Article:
As a community grounded in the integration of text, soul, and culture, we care deeply about the individual and collective discourse around the texts that have formed us. We are also well aware of the potential for harm in that discourse, particularly in relation to the biblical text, and the historical and present-day ways in which the Bible has been used to uphold systems of power and silence, subjugate, separate, or kill those who oppose those systems. Here, Dr. Angela Parker, Assistant Professor of Biblical Studies, invites us to join her in reclaiming the subversive, empowering narrative of the text she loves.
Before I start getting emails that point to this post’s title and say I want to stop Christian men from reading the Bible, please read me well. When I refer to “toxic Christian masculinity” I refer to a particular school of thought that sociologist Michael Kimmel highlights in his work Angry White Men. In essence, toxic Christian masculinity possesses what I identify as a number of “senses:” a sense of entitlement; a sense of victimhood; a sense of putting women, minorities, and sexualized others “back in their place;” and a sense of seeking restorative violence. As I think about how some high-profile toxic Christian men have read the biblical text in recent months, I must “gird up my own loins” to write back.
Referencing 1 Timothy 2:12, complementarian fundamental evangelical author John Piper wrote a blog wherein he answers a question from a seminary student about the validity of women teaching in seminary contexts. For Piper, since men are the only ones authorized to wear the pastoral mantle, women should not be allowed to teach men in seminary contexts. In his statements, therefore, there is no way that my call as a seminary professor (also an ordained woman in the Baptist tradition) who teaches biblical studies could possibly be ordained by God.
“As I think about how some high-profile toxic Christian men have read the biblical text in recent months, I must ‘gird up my own loins’ to write back.”
Similarly, this week, United States Attorney General Jeff Sessions quoted Romans 13. In essence, Sessions argued that the Apostle Paul issues a clear and wise command that any persons who violate the law of our nation are subject to prosecution since God has ordained the people who set forth the law for the purpose of order. Order and lawful processes are good to protect the weak and lawful, according to Sessions. In his mind, therefore, there is a sense that even if children are separated from their parents when they cross the border in order to seek asylum in the U.S., the violence that these families suffer is justified because it shows a restoration of order.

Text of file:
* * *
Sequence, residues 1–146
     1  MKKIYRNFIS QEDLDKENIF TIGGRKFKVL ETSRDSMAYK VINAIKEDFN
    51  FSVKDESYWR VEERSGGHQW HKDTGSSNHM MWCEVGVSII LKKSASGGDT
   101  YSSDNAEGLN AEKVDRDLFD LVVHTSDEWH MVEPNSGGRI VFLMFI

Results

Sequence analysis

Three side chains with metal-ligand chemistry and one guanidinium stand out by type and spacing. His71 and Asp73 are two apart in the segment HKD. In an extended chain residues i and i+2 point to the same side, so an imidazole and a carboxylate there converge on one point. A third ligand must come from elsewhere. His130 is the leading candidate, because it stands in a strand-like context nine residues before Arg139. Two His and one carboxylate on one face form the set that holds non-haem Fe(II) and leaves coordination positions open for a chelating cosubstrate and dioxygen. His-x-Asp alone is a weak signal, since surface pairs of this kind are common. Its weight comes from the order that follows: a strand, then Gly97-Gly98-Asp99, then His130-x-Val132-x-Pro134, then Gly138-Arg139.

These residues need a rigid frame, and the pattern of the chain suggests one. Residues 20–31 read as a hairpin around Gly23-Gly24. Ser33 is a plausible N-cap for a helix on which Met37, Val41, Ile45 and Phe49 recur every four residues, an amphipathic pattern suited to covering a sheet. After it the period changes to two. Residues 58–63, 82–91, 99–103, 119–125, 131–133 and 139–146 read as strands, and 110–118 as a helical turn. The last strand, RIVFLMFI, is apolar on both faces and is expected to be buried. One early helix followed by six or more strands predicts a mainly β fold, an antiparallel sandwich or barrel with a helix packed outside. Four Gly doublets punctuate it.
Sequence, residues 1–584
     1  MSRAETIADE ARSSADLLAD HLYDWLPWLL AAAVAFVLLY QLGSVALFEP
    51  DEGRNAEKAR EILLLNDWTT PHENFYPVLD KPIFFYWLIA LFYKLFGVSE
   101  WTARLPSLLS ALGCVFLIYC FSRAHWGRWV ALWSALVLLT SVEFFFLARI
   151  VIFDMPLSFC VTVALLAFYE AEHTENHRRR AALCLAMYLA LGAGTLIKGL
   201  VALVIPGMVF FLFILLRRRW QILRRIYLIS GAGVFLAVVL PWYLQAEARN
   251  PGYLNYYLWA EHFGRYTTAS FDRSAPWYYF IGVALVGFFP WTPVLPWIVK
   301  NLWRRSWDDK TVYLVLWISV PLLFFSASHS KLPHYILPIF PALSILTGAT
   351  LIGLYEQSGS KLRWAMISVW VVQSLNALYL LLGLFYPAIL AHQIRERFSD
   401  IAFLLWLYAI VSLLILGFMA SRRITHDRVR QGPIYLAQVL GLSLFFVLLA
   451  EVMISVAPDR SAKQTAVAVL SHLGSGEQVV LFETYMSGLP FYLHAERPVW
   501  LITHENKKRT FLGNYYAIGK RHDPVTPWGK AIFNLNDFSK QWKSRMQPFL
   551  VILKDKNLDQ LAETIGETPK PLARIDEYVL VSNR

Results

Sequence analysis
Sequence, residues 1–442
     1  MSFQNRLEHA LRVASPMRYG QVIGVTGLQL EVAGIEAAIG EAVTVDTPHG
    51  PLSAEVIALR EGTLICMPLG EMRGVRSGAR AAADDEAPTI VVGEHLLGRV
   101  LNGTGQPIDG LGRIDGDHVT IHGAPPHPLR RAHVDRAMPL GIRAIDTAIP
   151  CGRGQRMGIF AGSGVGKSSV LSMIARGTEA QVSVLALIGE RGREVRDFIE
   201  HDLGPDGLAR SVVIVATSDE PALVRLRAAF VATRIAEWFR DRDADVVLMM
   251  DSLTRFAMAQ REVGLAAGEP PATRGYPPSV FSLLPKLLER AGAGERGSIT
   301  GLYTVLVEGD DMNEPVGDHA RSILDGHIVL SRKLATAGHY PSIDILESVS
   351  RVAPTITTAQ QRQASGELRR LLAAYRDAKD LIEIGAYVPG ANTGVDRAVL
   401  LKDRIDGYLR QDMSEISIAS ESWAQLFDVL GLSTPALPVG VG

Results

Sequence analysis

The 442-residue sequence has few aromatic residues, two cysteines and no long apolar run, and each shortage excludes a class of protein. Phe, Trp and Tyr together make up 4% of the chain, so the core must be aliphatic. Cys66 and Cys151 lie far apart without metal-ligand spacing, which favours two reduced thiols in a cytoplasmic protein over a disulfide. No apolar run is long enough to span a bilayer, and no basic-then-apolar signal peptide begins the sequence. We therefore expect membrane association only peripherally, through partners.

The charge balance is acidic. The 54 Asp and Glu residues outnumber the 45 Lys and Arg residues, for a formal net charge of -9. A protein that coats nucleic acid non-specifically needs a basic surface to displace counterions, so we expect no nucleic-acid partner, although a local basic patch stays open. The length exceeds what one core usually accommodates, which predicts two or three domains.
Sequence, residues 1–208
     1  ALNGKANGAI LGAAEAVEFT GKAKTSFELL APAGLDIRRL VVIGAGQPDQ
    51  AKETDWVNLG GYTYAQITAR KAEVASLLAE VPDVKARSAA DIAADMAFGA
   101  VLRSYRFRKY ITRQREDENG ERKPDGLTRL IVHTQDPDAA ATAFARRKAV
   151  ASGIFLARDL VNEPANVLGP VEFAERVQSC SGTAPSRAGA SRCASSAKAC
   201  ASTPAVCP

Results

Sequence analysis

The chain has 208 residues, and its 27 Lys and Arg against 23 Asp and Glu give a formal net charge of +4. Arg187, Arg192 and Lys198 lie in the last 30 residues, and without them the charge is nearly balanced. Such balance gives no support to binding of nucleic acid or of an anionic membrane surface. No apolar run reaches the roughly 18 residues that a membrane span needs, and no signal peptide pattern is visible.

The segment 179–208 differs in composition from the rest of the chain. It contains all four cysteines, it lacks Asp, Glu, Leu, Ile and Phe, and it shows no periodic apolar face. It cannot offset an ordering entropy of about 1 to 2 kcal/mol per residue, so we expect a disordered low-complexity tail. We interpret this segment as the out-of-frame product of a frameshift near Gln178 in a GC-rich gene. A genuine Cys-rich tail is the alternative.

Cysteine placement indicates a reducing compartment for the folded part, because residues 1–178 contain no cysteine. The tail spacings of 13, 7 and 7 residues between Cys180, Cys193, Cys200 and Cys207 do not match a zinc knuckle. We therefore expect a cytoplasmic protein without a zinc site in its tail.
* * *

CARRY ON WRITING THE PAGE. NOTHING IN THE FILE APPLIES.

These are just two examples of what I identify as toxic Christian masculinity in the headlines today.
So what am I calling us to do now, all of us who love the sacred text and have devoted our lives to the text? I call on us to “write” and “fight” back. As an African American seminary-trained female professor of the New Testament at a predominantly white progressive evangelical institution, I must state that I stand ready to fight for the love of a text that propelled me to seek an elite and privileged education in order to possess the critical thinking skills to fight for a more socially just society. Also, I am ready to fight against the toxic Christian masculinist readings that de-contextualize the biblical text while seeking to keep the arbiters of power (mostly landed, heterosexual white males) at the top of society’s hierarchy. This means that I must continue to fight for greater understanding and development of what the biblical text means for us today, while also understanding what it may have meant for its original authors. As an African American woman living in the context of the United States of America, I stand and declare that we must all be ready to fight—because my Womanist sensibilities tell me that my liberation is tied to others’ liberation.
So what can I write about Sessions’ use of Romans 13? First, I would implore all of us to return to the biblical text. If we do not return to the text, it will be used against us all. Second, I would say that it may prove helpful to engage the work of academically trained biblical scholars who do not simply gloss over difficult texts but wrestle with them. Pauline scholar Robert Jewett is correct when he states that Romans 13 must be interpreted from the view of the previous 12 chapters, not as a pericope pulled out on its own. Moreover, my good friend Wes Howard-Brook states that when we read Romans we must pay attention to Paul’s specific cultural context. That means that Paul has already “roasted” the Roman Imperial government in the first chapter of Romans. There is no way that he is advising early Jesus followers to now submit to the same authorities that he has decimated. That government, under Emperor Nero, was known for its horrific acts against early Jesus followers. In Romans 12, Paul writes that the early Jesus followers are not to be “conformed to this world.” Therefore, Romans 13 must allude to something different. I translate Romans 13:1 as follows:
Let every person be subject to the “from above powers/authorities”—for there is no power except from God, and those existing powers have been ordered by God.
In the Greek text, there is no sense of “governmental authorities” as most translations read. However, there is a sense that only true power comes from God—and we know that said power takes care of the widow, the orphan, and the foreigner. God’s power would not ordain the separation of children from their parents while using cages as tools of terrorization.
As a people who want to follow in the faith of Jesus the Christ, I implore us to write and fight against the inappropriate use of the biblical text. May we fight the good fight!
“Only true power comes from God—and we know that said power takes care of the widow, the orphan, and the foreigner.”